How Hurricane Irma Tested Emergency Preparedness Policy for Medically Vulnerable Patients

By | September 22, 2017

Hurricane Irma was the first major hurricane to hit Florida in over a decade, causing catastrophic damage in many areas. The human impact of the hurricane was also devastating, with reports of more than 50 deaths in the state. Among these deaths were ten residents of a nursing home in Hollywood Hills that lost power and air conditioning for several days.

In response to this tragedy, the state suspended the facility’s license, preventing the nursing home from admitting any new patients or billing Medicaid. Florida’s governor also implemented an emergency rule to require all nursing homes and assisted-living facilities to have generators in place within 90 days. These measures are all responses to what appears to be a failure to protect nursing home residents during times of disasters. However, local, state, and national efforts have been in place for many years to address emergency preparedness for medically vulnerable populations.

Nursing Home Residents Among the Most Vulnerable during Disasters

Over four million people in the United States are served by long-term care (LTC) providers, such as nursing homes and personal care and home health agencies. The elderly patients served by these providers are fragile and often have complex health conditions, which makes them extremely vulnerable to disruptions in medical care, food, and shelter during emergencies and large-scale disasters. These disasters often require evacuation or shelter-in place procedures, which have been shown to be challenging for LTC providers, emergency management officials, and public health agencies. As documented in previous major disasters, a lack of communication between these essential stakeholders can be detrimental to the health of the elderly, especially long-term care residents.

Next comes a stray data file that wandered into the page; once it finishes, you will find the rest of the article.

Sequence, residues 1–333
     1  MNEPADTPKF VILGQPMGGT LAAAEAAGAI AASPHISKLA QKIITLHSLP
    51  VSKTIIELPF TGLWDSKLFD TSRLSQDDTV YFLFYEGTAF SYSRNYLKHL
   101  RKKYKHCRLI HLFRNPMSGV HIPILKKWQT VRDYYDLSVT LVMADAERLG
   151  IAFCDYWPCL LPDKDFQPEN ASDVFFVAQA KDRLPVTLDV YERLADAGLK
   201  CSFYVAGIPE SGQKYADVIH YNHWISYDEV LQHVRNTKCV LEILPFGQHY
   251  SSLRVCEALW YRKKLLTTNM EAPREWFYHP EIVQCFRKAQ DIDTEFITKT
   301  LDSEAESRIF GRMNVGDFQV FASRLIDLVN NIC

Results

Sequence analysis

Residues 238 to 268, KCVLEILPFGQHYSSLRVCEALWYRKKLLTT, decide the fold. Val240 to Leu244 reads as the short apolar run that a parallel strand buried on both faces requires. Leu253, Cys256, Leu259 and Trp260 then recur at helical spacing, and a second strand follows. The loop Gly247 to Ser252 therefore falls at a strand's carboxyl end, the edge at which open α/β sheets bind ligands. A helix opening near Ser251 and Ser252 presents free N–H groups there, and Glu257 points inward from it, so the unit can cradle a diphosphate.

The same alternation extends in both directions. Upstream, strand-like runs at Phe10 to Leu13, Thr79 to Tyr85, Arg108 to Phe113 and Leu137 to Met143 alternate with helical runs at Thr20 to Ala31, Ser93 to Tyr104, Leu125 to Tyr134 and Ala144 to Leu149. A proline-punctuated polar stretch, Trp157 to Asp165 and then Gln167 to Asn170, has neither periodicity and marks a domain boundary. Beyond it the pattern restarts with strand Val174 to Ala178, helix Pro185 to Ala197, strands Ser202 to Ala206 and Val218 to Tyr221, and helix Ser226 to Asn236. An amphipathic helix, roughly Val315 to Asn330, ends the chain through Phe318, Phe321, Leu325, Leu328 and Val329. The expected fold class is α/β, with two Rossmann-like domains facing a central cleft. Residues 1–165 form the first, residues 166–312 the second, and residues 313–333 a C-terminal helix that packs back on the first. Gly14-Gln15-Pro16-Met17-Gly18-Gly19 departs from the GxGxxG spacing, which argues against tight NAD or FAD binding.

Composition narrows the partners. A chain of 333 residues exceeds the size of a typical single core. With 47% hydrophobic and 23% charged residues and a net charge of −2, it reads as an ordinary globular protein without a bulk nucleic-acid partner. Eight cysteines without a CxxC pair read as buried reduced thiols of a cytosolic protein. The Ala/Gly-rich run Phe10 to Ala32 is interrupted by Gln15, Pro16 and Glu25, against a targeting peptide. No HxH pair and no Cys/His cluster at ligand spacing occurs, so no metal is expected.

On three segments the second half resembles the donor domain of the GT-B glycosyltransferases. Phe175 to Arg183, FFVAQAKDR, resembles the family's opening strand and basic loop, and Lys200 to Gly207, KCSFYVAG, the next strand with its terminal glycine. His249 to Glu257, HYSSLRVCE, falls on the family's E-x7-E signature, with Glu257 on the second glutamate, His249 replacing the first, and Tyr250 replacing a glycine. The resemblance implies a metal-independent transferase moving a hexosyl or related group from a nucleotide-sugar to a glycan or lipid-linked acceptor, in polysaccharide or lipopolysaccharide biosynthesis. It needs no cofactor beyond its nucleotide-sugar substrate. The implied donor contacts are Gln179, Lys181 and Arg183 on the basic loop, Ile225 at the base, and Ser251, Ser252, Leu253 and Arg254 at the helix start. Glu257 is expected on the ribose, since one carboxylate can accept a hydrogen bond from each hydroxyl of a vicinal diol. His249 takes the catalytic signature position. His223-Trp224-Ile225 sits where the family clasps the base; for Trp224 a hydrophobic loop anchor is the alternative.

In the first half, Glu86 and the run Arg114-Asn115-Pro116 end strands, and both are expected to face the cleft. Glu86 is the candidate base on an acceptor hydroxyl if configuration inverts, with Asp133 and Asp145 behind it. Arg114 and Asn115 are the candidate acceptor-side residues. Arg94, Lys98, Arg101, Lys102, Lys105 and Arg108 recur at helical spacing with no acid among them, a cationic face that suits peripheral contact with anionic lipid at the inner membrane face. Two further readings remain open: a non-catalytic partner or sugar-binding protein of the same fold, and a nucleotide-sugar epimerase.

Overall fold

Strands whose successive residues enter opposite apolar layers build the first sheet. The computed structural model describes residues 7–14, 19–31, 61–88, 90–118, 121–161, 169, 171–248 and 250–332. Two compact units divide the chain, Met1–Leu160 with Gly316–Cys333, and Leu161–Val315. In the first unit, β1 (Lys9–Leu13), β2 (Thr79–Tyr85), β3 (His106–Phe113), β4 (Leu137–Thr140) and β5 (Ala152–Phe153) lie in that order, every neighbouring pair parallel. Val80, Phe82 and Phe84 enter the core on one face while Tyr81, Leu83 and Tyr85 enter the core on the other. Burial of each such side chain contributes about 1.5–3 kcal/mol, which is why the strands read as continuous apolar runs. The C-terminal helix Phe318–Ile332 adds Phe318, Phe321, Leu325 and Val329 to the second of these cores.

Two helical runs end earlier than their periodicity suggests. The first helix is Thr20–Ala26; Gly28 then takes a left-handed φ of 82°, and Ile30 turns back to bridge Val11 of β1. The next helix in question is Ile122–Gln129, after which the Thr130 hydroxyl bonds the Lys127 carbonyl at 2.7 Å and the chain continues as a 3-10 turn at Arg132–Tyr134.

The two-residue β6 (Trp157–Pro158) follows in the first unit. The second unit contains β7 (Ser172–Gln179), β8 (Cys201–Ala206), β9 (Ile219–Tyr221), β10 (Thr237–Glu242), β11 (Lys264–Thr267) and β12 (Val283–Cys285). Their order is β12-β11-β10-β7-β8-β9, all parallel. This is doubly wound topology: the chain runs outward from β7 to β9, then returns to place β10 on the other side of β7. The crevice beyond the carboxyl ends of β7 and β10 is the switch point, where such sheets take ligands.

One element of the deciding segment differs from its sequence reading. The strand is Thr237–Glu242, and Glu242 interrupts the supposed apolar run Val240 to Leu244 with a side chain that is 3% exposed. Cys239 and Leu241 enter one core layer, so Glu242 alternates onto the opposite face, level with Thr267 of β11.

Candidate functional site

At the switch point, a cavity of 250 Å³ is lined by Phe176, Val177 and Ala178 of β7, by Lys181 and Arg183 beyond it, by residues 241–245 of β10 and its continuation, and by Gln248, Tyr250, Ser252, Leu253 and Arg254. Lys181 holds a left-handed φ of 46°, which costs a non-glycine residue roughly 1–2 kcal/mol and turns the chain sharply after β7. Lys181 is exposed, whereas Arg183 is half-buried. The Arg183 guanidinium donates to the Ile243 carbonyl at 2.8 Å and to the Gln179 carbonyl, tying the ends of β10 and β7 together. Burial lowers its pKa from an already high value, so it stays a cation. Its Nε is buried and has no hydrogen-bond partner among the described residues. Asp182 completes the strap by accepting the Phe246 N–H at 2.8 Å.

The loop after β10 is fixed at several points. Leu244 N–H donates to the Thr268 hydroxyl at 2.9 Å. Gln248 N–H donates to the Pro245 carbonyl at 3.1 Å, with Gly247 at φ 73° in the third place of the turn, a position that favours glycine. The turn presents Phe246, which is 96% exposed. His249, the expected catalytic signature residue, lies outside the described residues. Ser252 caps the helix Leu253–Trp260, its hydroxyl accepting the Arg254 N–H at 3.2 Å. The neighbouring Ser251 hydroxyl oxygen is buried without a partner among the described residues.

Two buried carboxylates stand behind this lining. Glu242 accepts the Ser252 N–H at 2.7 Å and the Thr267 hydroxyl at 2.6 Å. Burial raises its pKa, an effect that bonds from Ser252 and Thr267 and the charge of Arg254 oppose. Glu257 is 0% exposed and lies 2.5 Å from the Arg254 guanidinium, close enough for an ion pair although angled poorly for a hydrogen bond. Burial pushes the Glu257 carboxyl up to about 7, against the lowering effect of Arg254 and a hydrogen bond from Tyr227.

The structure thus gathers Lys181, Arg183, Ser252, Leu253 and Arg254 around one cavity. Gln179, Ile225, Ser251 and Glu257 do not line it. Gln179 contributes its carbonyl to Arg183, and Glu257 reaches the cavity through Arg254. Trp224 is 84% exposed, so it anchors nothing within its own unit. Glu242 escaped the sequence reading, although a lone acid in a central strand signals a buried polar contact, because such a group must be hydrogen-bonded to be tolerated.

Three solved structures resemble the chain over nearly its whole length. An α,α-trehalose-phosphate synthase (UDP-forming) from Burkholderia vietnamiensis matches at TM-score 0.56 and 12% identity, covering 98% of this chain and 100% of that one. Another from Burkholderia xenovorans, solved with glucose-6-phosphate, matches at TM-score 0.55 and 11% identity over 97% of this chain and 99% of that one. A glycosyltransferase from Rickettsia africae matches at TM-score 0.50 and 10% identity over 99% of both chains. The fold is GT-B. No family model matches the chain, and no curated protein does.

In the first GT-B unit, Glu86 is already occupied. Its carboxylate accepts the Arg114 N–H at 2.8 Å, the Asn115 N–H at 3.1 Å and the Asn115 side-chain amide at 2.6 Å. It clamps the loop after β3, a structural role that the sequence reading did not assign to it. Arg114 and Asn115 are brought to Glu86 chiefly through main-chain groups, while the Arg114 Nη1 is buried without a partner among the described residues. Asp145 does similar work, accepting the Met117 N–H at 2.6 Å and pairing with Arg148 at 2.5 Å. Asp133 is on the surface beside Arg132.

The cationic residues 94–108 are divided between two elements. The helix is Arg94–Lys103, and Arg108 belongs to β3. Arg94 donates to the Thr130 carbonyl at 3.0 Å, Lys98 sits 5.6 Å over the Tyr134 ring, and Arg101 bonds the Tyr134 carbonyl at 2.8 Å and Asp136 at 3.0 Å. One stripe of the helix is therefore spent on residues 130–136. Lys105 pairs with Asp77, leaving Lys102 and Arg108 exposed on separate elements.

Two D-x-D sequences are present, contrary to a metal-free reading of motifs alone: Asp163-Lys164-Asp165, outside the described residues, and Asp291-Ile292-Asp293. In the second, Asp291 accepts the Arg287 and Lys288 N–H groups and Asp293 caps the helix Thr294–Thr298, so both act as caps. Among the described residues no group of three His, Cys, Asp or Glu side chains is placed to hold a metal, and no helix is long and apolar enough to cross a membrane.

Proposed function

Local and State Emergency Preparedness Resources for Medically Vulnerable Populations

Many local and state emergency preparedness resources are available to providers of medically vulnerable populations. State health care provider associations are important organizations that conduct member training and education regarding emergency preparedness. The Florida Health Care Association (FHCA) has served nursing home and assisted living providers since 1954, and emergency preparedness has been one of its most central initiatives. The organization hosts a website ( dedicated to emergency preparedness planning whereby online planning tools and information regarding emergency preparedness policies are available.